26th February 2024

The Second Sunday of Lent: ­Take up your cross

Sunday 25 February 2024, The Second Sunday of Lent, 10:30.

­Take up your cross.

A Sermon preached by the Precentor, Canon Anna Macham.

Genesis 17:1-7,15-16 and Mark 8:31-end

If any want to become my followers, let them deny themselves and take up their cross and follow me.  For those who want to save their life will lose it, and those who lose their life for my sake, and for the sake of the gospel, will save it.

Jesus’ words, from that Gospel reading we’ve just heard, don’t make for easy reading.  If we’d been in any doubt, up to this point, that we’d fully entered into the season of Lent, we certainly aren’t now.  “Take up your cross”: Jesus’ words are uncompromising.  He invites us, as he invited his first followers, to take up once again a journey of self-discipline and self-examination that will culminate, in 5 weeks or so, in our recollection liturgically of his Passion and death in Holy Week, his personal and agonising journey to the cross.

In Jesus’s time, crosses were a daily sight.  They reminded people who was in charge in Roman Palestine, and of what the cost was of offering any kind of challenge to the occupying power.  To pick up your cross and follow Jesus was an act of rebellion, an act that, one way or another, would cost you your life.

Now, two thousand years later, the phrase has lost something of its original force.  Crosses are no longer mainly seen on roadsides with actual people hanging on them, but in churches, or as an adornment, as jewellery.  “Take up your cross” now means “put up with your minor discomforts” or- at most- “Be sure that you do something to show God you take him seriously by making yourself uncomfortable in some way.”  The phrase “We all have our crosses to bear” means that we must all demonstrate perseverance in circumstances we don’t fully control (see Rowan Williams, The Cross in the 21st Century, in Seven Words for the 21st Century, DLT, 2022).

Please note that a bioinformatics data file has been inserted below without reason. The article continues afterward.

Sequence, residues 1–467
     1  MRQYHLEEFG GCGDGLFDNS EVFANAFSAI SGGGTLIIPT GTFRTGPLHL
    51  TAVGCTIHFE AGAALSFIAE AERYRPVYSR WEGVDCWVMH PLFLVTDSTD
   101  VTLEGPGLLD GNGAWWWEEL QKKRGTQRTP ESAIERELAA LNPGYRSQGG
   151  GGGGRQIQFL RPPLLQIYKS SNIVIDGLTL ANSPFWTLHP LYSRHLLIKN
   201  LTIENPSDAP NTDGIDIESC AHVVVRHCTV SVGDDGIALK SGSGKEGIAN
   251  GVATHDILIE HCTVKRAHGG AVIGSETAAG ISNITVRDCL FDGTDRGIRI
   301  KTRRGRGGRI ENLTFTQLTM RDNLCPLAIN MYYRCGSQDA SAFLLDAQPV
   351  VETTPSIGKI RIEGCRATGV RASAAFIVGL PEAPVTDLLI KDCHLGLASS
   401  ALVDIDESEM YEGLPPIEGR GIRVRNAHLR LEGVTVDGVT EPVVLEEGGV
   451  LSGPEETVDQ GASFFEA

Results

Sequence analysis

But in the first century, when Mark’s Gospel was written, the cross represented things that were about as far as we can imagine from religion.  It was shocking to associate crucifixion with God, a punishment of the most degrading kind, associated with the worst of criminals, as Paul attests when he talks in his letters about the cross of Christ being a “stumbling block” to people.  But as in the rest of his Gospel, in today’s passage Mark makes it clear that God’s kingdom is not what we expect it to be, and nor is Jesus.  This is a message that it’s hard for Peter and the other disciples to accept or understand.

For Jesus, it seems, is to be found not among the rich and successful, but among the poor and outcast in society, not in the centre but on the margins; not at the heart of religion, but among those whom religion shuns.  Even the dominion and glory and kingship which he will receive is turned on its head, since he receives it on the cross.  It’s a dominion which is found in the giving up of his rights; a glory which is embraced fully in suffering, and a kingship that is enthroned on the cross.

To walk the way of the cross, as we reflect on this phrase this Lent, is to deliberately place ourselves alongside those who are powerless, alongside those who have no rights, or are not treated as equal citizens.  In the last couple of weeks, we’ve been shocked to learn of the death of the Russian journalist and opposition leader Alexei Navalny in a remote prison camp.  This is someone who very deliberately- and bravely- chose to place himself alongside those downtrodden by absolute power, returning to his homeland to face certain arrest, imprisonment and now death so that he could more powerfully stand alongside his fellow citizens who were being oppressed, many of whom, more anonymously, helplessly and without a voice, must surely have suffered the same fate as he did.